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13 Ways to Fix LA Traffic, the RAND Corporation Style

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The RAND Corporation came out with a study today focusing on short-term transportation policy options that could improve transportation in the city. They based their findings on what they see as the problem of Los Angeles traffic: mainly cheap and abundant parking and polycentricism (various sub-centers instead of one downtown area). And one of the more interesting reasons why traffic reductions are usually temporary seems to be the human psyche:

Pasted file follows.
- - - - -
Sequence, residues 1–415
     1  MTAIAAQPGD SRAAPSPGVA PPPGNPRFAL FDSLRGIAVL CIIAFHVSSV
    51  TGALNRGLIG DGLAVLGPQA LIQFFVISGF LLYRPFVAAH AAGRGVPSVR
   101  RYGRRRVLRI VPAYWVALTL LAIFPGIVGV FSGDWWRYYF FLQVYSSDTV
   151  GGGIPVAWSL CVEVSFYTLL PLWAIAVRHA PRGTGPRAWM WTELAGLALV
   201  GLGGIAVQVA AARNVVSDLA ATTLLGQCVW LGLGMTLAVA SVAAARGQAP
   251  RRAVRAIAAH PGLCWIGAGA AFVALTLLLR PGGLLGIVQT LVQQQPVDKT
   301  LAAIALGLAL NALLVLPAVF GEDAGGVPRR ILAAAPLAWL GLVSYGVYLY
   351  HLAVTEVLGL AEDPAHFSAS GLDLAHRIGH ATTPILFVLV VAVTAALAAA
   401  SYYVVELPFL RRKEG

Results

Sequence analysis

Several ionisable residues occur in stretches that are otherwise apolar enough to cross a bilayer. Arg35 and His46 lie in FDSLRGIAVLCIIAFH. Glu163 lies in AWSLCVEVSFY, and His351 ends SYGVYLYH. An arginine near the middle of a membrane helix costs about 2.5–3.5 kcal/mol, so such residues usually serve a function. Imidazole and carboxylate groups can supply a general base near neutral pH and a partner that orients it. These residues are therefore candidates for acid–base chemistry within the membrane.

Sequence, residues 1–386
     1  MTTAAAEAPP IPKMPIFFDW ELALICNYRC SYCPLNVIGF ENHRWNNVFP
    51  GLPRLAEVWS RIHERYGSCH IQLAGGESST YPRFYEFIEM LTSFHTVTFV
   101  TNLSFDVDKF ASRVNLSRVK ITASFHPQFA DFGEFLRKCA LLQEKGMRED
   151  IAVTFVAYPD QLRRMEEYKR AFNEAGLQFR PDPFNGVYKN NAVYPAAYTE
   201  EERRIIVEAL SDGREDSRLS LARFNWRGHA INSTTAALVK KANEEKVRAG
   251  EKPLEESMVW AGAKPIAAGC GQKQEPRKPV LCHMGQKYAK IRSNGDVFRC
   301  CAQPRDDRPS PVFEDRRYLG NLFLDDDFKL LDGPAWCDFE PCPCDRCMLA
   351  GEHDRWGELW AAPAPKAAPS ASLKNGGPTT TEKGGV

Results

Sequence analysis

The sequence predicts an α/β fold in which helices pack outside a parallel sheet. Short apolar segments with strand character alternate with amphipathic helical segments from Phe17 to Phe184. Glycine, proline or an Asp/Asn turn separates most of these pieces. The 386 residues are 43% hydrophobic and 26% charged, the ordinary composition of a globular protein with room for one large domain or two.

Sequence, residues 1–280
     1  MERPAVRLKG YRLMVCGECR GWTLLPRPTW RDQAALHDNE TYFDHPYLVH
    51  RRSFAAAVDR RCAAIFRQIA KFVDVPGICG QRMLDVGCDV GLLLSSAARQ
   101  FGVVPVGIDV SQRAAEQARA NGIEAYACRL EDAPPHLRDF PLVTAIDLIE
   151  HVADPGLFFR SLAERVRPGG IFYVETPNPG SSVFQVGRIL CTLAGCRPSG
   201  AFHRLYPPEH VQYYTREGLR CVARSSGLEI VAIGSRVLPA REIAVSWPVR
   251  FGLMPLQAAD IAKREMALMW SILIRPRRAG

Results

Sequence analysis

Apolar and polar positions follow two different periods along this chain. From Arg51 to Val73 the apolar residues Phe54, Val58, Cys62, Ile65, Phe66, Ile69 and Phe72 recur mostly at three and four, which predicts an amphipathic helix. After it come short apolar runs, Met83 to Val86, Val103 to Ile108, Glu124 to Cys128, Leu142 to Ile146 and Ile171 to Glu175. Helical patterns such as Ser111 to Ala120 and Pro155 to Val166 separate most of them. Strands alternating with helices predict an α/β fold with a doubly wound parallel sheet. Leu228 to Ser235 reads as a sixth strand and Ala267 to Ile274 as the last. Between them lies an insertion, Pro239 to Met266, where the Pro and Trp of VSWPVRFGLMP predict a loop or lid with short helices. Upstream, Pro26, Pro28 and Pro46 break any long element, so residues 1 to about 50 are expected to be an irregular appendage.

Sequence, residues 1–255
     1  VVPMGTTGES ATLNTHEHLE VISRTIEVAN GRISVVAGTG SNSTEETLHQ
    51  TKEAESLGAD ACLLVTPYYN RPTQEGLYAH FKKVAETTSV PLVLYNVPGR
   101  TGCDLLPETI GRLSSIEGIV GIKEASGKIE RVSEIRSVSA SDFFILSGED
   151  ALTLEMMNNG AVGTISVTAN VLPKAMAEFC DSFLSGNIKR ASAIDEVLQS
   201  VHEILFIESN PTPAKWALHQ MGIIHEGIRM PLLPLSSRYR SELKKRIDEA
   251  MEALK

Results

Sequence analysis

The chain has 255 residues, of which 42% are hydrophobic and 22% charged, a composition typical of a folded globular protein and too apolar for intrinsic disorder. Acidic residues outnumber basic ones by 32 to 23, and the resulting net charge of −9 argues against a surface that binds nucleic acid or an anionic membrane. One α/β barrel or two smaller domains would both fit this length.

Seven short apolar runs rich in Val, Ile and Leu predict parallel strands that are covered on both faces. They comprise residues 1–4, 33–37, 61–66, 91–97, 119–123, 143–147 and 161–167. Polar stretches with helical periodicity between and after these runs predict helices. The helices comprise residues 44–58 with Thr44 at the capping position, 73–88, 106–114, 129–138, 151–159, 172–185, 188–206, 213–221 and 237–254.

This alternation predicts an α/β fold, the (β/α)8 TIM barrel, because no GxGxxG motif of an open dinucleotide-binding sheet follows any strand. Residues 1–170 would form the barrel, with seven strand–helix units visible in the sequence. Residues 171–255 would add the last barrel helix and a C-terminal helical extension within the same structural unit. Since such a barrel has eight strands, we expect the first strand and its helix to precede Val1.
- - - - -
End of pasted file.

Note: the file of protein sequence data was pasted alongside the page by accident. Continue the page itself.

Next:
It doesn't take a huge reduction in traffic to make a difference: even 2 percent to 3 percent fewer cars on the roads could reduce congestion by 10 percent to 15 percent. But these reductions are usually only temporary, [Martin] Wachs [of RAND] said. When traffic conditions on a roadway are improved during the peak hours -- such as by adding new roads -- additional travelers will converge on that road from other times of travel, other routes of travel and other modes of travel. "People notice that there's less traffic on the 405 Freeway during rush hour, and say to themselves, ‘Now I can go back to driving during rush hour,' or ‘Now I don't have to leave by 2 in the afternoon,' or ‘Now I don't have to take the surface streets instead of the freeway,'" Wachs said.

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